26 October 2010 Tuesday of the 13th Week in Ordinary Time
Ephesians 5, 21-33; Psalm 128; Luke 13, 18-21
The first reading from the Letter of Paul to the Ephesians is one of the readings suggested for weddings. If a couple chooses this reading, I do not recommend it because you need a lot of explaining to do. So I am explaining the first reading now.
Codes of conduct for the household is found in many books in the New Testament, especially 1 Peter. They were adapted by New Testament authors from Greco-Roman popular philosophy as a moral instruction for Christians. And thus, the passage has two dimensions: the household codes and the Christian qualifiers that were added to it. In other words, the codes where Christianized.
The Greco-Roman code especially here in Ephesians treats relations between husbands and wives, children and parents, and slaves and masters as relationships of subordinates to superiors.
However, in this passage, Christian motivation to follow these imperatives are introduced and thus the whole code has been tweaked. The code still show the Christian household as a hierarchical social unit. So it will look like this:
Wives should be subordinate to their husbands …. as to the Lord.
For the husband is head of his wife … just as Christ is head of the Church, He Himself the savior of the Body.
So wives should be subordinate to their husband in everything … Just as the Church is subordinate to Christ.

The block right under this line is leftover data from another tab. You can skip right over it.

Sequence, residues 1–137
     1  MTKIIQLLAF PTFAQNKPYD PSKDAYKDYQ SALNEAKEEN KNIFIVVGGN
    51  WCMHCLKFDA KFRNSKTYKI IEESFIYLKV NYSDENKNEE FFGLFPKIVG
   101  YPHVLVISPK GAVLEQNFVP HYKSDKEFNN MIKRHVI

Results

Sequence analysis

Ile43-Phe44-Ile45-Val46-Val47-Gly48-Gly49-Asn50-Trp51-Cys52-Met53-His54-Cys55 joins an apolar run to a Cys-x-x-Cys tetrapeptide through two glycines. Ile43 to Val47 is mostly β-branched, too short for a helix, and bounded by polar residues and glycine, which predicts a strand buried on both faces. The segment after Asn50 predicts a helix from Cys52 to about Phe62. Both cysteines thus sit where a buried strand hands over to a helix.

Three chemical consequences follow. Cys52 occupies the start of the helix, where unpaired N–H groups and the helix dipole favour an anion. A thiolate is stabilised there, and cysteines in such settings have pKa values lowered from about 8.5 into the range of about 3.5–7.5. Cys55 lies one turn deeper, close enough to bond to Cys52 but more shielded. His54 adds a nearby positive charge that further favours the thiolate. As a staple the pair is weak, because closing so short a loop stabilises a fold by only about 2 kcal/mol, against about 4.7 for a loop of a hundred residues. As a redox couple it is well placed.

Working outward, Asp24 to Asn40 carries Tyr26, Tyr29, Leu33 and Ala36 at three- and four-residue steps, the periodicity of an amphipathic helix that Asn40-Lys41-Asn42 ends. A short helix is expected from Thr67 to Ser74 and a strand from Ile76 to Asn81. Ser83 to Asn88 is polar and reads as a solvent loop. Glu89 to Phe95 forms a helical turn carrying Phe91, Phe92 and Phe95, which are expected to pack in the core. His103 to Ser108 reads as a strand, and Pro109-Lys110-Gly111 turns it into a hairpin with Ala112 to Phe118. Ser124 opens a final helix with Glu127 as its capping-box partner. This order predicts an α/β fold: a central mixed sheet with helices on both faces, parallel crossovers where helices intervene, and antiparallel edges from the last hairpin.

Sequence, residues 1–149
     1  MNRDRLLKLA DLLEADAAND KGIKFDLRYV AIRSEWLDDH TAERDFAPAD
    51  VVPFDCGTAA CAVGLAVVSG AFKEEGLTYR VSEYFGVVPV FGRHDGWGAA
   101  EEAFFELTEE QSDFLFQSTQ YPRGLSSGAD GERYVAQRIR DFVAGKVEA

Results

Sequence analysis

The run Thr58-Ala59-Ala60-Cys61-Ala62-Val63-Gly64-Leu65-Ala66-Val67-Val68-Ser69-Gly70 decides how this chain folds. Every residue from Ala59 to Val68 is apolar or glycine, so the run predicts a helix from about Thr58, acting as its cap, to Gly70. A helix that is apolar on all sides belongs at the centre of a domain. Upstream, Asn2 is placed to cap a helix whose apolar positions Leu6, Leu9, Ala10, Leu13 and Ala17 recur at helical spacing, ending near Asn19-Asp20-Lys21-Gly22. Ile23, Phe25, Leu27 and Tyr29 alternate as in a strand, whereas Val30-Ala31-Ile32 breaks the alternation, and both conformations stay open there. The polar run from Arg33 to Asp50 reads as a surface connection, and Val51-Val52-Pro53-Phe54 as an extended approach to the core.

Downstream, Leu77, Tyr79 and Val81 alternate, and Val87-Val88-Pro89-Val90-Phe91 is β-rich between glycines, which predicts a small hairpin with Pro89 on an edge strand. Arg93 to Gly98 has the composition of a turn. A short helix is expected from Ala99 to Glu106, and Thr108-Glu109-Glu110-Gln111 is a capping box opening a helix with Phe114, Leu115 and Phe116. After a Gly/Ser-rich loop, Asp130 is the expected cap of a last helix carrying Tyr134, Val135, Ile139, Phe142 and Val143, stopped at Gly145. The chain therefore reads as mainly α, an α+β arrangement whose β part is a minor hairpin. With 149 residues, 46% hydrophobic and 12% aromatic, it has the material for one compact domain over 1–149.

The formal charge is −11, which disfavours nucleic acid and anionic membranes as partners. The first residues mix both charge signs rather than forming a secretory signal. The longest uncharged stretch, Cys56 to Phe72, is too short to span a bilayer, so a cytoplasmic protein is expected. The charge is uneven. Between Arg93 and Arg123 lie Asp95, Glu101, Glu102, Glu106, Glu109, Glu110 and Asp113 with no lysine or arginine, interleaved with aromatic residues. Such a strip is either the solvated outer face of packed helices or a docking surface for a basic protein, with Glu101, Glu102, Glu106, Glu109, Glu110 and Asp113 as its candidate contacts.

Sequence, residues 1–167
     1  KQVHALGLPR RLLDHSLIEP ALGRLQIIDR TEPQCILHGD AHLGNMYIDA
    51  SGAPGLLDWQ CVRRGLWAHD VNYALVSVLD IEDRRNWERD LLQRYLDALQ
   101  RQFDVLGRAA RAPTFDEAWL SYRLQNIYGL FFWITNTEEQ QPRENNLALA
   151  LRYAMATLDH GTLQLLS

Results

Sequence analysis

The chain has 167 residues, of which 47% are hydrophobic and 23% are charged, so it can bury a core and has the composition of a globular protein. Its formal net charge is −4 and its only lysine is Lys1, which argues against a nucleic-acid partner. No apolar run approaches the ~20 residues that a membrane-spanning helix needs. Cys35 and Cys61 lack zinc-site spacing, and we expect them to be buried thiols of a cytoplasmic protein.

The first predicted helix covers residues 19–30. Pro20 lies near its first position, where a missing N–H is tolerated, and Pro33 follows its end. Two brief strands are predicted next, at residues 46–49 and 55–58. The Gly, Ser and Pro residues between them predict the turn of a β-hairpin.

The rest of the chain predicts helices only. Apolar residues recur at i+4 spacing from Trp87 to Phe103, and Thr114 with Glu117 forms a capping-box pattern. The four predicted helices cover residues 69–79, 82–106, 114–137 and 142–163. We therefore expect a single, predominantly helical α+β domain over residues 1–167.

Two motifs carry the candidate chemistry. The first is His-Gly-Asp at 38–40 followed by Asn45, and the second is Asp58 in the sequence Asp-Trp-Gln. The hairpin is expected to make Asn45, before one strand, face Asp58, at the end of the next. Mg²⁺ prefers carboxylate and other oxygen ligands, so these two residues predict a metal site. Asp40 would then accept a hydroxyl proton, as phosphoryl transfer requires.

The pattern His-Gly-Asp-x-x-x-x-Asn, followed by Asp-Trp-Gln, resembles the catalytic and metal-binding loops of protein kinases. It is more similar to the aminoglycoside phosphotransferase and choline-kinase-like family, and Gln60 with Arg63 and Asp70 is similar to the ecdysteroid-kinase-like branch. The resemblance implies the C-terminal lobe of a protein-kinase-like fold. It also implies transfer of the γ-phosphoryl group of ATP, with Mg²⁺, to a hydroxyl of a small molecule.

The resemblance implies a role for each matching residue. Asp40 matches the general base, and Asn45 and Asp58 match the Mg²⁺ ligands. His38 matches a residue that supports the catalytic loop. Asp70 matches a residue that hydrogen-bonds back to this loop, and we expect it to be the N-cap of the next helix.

Husbands, love your wife …. even as Christ loved the Church and handed himself over for her to sanctify her.
So also husbands should love their wives as their own bodies. He who loves his wife, loves himself. For no one hates his own flesh but rather nourishes and cherishes it… even as Christ does the Church, because we are members of his Body.
For this reason, a man shall leave his father and his mother, and be joined to his wife, and the two shall become one flesh.
If one looks closely at the Greco-Roman code, the hierarchical structure is based on power, authority and social status. And thus the code can justify abuse. And it is, in fact, often interpreted this way until today. (Thus the reason why I have to explain this.)
However, if one analyzes the qualifying phrases (italicized), the foundation of the code is not anymore power but selfless love. With Jesus and His love as a model, the hierarchical structure is reversed.
First, the head becomes the servant of all; as Jesus, the Head, serves and sacrifices His life for the members of the Church. The wife who should be ‘subordinate’ to her husband, becomes obedient only when it is of the Lord: thus when it is good, correct and right. She is not morally obliged to obey if it is otherwise.
Second, the husband loves his wife, as Christ loves the Church. When one loves another, the beloved, the “significant other” becomes more important to us than our lives, than our bodies. Thus, the husband’s love for his wife should be greater than his love for himself. It is a selfless love like Jesus’ love for us, for the members of His church.
It is therefore important to know that the Greco-Roman code of conduct has become Christianized. And we, who read and interpret it now, should not turn a blind eye on the qualifying phrases that makes Christian married life more a bond of love and unity, a relationship of equality in dignity and honor, and a regard for our own uniqueness and distinctive roles in a relationship.
No wonder, Christianity teaches that when a man and a woman, who genuinely love each other, are joined in the Sacrament of Marriage, they truly become one.